How China’s high tech boom can benefit global health

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Earlier this year, President Xi Jinping gave a passionate defense of globalization at the World Economic Forum. This should not have been surprising to anyone who has paid attention over the past several decades. China is the largest economy in terms of PPP and a major player in global manufacturing and trade. Global media has not often noticed that China has assumed increasingly important roles in global development and health insurance for expats in China, linking them explicitly as necessary to support and accelerate global economic growth.

As leaders gather in Dalian this week for the World Economic Forum’s Annual Meeting of the New Champions (WEF’s), globalization needs another type of Chinese champion: its private sector innovators. China is at the forefront of a technological revolution. China is home to the largest number of electric cars in the world. Its companies are motivated by its huge market and fierce competition to create products that will work wherever people live.

China’s shared-bike revolution is transforming urban transport and taking over cities. WeChat Wallet has exploded the e-pay market by linking services from every sector to bring innovation to its customers’ fingertips. This is not only good news for China’s economy but also for global health. It is precisely this type of innovation that will save millions of lives.

China’s contributions to global development and health have always been focused on the sector of health. China has provided medical professionals and doctors to develop countries for decades. Most recently, it was a member of the WHO-certified emergency medical teams that respond to emergencies. It has contributed to the financing and construction of large-scale infrastructure projects such as hospitals and healthcare centers.

Recent participation by the private sector has increased. China joined the global vaccine market four years ago with a Japanese encephalitis vaccine (JEV), which was China’s first vaccine to be pre-qualified for use by the World Health Organization. The WHO is currently pre-qualifying other Chinese vaccines, including an inactivated Polio vaccine (IPV), which is essential for the endgame strategy to eradicate Polio. The President met in January with the WHO Director-General in Geneva to agree to radically increase access to healthcare outside of China. This is part of President Xi’s desire to reenergize trade and infrastructure networks linking Asia, Europe, and Africa.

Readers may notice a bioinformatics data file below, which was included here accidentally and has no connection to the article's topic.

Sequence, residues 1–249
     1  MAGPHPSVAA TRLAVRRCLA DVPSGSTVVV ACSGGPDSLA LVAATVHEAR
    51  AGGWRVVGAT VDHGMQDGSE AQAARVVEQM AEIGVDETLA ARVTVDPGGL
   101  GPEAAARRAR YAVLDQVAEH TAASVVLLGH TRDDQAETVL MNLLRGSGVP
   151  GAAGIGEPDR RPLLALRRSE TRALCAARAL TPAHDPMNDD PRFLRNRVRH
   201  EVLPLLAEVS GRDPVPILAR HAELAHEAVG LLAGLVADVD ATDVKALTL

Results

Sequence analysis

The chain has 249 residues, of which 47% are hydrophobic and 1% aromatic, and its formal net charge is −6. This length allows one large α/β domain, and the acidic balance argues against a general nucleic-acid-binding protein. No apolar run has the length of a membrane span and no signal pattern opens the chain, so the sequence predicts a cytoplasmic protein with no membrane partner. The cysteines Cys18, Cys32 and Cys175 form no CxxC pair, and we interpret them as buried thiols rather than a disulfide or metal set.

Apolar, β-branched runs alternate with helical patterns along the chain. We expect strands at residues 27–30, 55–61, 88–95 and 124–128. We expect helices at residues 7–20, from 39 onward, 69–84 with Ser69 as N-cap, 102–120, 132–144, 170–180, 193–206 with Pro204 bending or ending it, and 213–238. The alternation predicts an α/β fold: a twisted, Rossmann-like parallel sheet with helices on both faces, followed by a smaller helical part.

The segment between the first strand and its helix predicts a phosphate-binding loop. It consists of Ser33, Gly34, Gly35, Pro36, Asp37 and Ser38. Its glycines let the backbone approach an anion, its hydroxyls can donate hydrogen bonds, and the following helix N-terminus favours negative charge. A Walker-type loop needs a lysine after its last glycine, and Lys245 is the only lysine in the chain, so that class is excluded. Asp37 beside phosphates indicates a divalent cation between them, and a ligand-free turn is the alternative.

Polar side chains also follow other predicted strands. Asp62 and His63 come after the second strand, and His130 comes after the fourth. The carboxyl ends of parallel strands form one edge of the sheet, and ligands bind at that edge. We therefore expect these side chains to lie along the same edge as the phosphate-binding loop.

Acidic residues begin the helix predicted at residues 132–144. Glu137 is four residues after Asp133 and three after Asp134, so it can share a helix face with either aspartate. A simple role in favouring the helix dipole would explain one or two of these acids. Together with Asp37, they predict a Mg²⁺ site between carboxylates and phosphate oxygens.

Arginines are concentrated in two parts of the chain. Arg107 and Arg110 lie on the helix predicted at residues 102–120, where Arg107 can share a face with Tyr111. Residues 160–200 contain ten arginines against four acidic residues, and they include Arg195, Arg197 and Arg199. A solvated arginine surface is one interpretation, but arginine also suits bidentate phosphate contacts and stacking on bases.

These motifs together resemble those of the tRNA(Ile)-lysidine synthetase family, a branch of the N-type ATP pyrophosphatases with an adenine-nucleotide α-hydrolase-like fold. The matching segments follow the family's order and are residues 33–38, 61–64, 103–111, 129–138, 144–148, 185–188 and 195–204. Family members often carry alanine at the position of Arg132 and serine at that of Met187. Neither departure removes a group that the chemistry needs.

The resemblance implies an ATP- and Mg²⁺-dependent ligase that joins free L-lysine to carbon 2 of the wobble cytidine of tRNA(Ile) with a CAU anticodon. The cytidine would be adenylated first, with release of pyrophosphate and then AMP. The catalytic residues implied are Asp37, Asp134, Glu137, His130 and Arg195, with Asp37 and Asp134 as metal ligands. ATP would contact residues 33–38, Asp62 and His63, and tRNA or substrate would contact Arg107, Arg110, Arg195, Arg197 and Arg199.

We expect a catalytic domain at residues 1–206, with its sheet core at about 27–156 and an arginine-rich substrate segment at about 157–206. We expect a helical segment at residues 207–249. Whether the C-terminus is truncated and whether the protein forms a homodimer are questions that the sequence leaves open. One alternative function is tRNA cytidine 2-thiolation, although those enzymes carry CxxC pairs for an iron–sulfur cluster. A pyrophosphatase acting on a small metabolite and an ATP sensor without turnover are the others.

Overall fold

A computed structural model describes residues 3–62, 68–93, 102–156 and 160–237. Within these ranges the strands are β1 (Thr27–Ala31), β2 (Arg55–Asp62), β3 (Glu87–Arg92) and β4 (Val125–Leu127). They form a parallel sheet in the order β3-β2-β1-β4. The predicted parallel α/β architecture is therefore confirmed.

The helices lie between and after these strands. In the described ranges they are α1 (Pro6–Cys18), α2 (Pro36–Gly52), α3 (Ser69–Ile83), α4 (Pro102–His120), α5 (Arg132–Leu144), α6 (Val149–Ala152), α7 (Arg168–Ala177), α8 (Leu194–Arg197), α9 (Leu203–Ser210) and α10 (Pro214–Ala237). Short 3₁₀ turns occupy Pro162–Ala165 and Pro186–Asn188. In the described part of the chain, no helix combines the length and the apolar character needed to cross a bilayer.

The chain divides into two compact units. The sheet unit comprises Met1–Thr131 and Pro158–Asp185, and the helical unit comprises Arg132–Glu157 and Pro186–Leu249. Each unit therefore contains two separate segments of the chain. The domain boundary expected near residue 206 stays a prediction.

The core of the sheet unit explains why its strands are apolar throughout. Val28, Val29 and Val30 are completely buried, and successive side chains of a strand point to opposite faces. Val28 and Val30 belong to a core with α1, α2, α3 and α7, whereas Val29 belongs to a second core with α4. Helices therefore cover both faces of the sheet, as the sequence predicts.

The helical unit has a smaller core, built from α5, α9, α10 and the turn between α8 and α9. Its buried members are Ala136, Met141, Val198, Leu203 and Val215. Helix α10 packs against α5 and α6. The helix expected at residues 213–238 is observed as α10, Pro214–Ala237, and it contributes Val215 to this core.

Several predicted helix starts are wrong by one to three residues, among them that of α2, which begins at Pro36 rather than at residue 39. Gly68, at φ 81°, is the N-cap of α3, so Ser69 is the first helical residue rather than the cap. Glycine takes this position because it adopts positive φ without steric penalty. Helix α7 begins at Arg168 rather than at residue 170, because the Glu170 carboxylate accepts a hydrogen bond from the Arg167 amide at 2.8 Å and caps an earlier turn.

Global health faces many challenges. One is how to improve healthcare delivery, including vaccines. This can be done by connecting high-impact innovation with countries that most need them. Gavi, the Vaccine Alliance and UNICEF have made great progress in improving access and quality of healthcare services. 81% of children in developing countries now receive routine immunizations. This has helped to reduce childhood mortality by halving it. 1.5 million children below five years old still die each year from highly preventable diseases, as 19 million children do not have access to vaccines.

This inequity must be addressed by finding new ways to deliver vaccines to children who are difficult to reach and filling the gaps in health systems, supply, and data. Drones are a great way to do this. China is the country that has developed the majority of civilian drones in the world. This makes China the global leader in drone technology. Although the drones are primarily intended for consumers, there is a lot of potential for humanitarian use.

For example, in Rwanda, an autonomous drone-based delivery system has been launched that delivers blood supplies from the capital Kigali to rural areas. Instead of waiting for hours to receive blood from a motorcycle driver, a mother can now have life-saving blood delivered to her in 20 minutes if she is bleeding during childbirth. This was developed in partnership with Zipline USA, the Rwandan government and UPS. The plan is to eventually expand this to deliver vaccines.